No good deed goes unpunished. Aimed at providing a financial lifeline during the “stay home” world of the COVID-19 pandemic, the federal government flung the Paycheck Protection Program (“PPP”) to the “small business” community. The PPP was one of several programs in the $2 Trillion CARES Act stimulus bill. President Donald J. Trump quickly signed the CARES Act into law. In the weeks after enactment, the PPP has been fraught with large statutory gaps and confusing, and often conflicting, guidance.

Many small businesses are nearing the end of the all-important 8-week “covered period” (which generally begins when the business receives the PPP loan – but see discussion below). The covered period is the testing period for determining, for loan forgiveness, whether a recipient has expended an appropriate quantum of loan proceeds and spent those proceeds on eligible purposes. Many practical questions had been unanswered with respect to what payments to employees were eligible for loan forgiveness and how to calculate the forgiveness amount. Importantly, the CARES Act provides that the amount of the PPP loan that is forgiven will not cause the borrower to have to include the amount of forgiveness in its income (i.e., the amount of forgiveness will not be taxed).

Over the Memorial Day holiday, the U.S. Department of the Treasury and the Small Business Administration issued new interim final rules which offer helpful guidance. Copies of all of the interim final rules related to the PPP are available here. Some helpful tidbits from the new guidance include:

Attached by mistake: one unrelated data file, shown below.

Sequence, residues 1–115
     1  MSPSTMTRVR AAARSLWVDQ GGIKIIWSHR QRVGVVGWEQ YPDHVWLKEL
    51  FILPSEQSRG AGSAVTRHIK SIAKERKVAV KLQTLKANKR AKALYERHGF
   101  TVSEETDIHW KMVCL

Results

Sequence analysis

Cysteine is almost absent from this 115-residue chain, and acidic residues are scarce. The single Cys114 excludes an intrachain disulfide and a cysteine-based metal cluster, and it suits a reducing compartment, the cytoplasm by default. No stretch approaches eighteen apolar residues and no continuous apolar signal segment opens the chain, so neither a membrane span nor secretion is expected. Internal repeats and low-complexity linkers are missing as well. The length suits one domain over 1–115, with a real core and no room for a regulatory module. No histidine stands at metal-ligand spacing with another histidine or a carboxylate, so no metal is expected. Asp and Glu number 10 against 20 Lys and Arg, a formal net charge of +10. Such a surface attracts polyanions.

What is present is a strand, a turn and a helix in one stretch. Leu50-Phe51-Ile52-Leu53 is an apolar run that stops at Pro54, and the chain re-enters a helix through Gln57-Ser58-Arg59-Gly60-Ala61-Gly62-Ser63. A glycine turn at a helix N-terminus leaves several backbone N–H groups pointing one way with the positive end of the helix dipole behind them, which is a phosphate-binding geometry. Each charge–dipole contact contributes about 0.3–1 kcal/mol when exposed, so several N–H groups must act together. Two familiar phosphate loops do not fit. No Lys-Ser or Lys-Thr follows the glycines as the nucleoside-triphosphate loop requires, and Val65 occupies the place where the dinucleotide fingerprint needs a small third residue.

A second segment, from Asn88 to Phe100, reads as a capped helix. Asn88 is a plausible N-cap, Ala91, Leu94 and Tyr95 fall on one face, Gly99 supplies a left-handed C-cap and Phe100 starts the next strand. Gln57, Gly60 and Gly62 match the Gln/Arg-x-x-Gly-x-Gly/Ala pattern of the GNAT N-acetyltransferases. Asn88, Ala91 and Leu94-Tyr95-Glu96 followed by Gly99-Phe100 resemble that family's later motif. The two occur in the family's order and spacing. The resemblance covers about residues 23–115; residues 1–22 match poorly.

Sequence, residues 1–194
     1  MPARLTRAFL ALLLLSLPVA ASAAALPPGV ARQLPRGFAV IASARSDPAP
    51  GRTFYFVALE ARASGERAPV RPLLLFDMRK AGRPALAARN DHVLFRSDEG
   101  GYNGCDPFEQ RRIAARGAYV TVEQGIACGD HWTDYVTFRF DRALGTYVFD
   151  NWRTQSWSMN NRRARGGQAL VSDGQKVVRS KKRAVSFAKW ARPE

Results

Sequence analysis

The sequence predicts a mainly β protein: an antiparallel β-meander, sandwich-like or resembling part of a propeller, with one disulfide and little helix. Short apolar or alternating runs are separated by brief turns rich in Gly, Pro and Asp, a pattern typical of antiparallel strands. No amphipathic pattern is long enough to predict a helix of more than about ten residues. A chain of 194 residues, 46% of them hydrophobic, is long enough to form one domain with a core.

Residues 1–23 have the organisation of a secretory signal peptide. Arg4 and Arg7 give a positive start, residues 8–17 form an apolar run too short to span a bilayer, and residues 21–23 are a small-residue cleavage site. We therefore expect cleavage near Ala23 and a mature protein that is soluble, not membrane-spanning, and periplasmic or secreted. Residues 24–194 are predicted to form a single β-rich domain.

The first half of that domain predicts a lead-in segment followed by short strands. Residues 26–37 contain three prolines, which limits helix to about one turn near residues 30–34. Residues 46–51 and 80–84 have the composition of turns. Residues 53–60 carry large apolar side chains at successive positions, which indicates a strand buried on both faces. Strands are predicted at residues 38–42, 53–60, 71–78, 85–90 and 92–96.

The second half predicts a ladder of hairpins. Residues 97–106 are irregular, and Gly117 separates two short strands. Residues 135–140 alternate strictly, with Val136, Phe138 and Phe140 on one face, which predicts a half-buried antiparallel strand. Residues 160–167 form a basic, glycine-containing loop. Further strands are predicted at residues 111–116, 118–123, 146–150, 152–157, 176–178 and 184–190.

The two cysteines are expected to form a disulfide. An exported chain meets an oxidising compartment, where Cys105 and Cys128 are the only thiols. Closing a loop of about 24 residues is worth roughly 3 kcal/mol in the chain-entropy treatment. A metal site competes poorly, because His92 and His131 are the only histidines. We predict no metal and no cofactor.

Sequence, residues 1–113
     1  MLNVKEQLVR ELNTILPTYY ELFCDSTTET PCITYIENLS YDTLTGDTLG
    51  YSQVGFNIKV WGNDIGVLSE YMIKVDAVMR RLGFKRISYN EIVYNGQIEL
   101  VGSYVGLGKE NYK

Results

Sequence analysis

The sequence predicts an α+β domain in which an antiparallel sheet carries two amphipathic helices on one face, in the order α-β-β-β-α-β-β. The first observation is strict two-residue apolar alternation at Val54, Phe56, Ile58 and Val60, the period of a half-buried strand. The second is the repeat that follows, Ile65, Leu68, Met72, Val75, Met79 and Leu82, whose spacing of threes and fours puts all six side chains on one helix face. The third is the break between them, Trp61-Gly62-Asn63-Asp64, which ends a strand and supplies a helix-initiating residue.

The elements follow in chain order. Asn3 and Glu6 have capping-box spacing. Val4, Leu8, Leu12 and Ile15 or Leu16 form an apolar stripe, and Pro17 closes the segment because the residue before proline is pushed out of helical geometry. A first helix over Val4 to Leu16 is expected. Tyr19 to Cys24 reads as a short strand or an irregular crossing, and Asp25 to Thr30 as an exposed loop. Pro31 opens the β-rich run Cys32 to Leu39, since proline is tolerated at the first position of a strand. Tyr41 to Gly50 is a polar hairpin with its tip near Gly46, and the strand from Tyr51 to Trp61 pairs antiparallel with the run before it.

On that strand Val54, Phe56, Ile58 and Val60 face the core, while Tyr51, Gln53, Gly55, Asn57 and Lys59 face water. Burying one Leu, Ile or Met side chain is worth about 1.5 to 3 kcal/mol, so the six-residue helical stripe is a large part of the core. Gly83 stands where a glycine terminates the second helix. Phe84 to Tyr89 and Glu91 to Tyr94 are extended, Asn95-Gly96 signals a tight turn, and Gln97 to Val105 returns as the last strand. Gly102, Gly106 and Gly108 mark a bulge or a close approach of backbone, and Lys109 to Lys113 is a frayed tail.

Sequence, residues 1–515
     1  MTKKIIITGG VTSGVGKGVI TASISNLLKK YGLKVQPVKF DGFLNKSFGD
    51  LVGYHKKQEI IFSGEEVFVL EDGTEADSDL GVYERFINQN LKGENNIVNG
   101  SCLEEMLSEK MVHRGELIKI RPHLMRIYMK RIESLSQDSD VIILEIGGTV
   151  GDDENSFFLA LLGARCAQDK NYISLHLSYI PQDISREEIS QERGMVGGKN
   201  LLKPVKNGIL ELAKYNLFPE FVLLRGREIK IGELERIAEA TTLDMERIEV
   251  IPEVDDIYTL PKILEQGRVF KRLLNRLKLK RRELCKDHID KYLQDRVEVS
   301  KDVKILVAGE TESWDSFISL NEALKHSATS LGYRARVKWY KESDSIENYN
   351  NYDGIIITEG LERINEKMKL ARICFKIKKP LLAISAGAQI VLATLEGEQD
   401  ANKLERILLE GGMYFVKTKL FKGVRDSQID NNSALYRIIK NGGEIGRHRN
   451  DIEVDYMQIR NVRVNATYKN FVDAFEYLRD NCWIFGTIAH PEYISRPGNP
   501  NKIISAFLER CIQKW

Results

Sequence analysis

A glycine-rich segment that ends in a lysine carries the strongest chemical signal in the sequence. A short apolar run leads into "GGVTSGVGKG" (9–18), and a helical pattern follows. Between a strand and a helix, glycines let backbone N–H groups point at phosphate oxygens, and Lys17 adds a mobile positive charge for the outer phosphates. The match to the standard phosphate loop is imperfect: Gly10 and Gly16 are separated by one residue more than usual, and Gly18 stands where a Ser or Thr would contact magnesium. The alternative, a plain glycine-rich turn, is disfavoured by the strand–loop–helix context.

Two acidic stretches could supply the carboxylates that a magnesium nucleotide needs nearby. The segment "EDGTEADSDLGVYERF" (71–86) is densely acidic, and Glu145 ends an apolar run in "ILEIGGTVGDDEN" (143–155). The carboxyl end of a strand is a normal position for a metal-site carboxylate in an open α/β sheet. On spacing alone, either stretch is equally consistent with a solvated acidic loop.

• “Payroll costs” paid or incurred during the covered period (or “alternative payroll covered period” discussed below) are eligible for forgiveness.
  • The introduction of an “alternative payroll covered period,” which allows borrowers, if elected, to measure the 8-week covered period beginning with the first day of the first payroll cycle in the covered period (for amounts paid or incurred on payroll costs, but not amounts paid or incurred on other eligible purposes which still must be expended during the covered period).
  • Treating payroll costs as “paid” either on the day checks are distributed or ACH transfers are initiated.
  • Allowing payroll costs incurred, but paid on the first regular payroll date after the covered period (or alternative payroll covered period), to be counted towards forgiveness.
  • Clarifying that “hazard pay” or bonuses paid to employees during the covered period (or alternative payroll covered period) are eligible “payroll costs.”
  • Specifying that advance payments of interest on otherwise eligible mortgage obligations are ineligible for loan forgiveness.
  • Adding helpful guidance on calculating the reduction in the forgivable amount for rehiring employees.

In addition to the recent helpful guidance, word has circulated that the Enforcement Division of the U.S. Securities and Exchange Commission has begun to ask copies of PPP loan applications from public companies that have secured PPP loans. The eligibility of public companies to receive a PPP loan has been the subject of intense scrutiny, particularly focused on the “necessity” certifications. Many public companies opted to return PPP loans once the Department of the Treasury released a safe harbor allowing for repayment without consequence.

Finally, the House of Representatives passed on a 417-1 vote legislation to expand and refine the PPP. The legislation would offer a number of helpful refinements. For example, the House legislation would: lower the amount of PPP loan proceeds that must be used on “payroll costs” to 60 percent; extend the 8-week covered period 24 weeks; extend the repayment period to 5 years; and provide that repayment obligations would not begin until after the SBA determines that all or a portion of a PPP loan is not forgiven. The Senate is expected to act on the House legislation this week.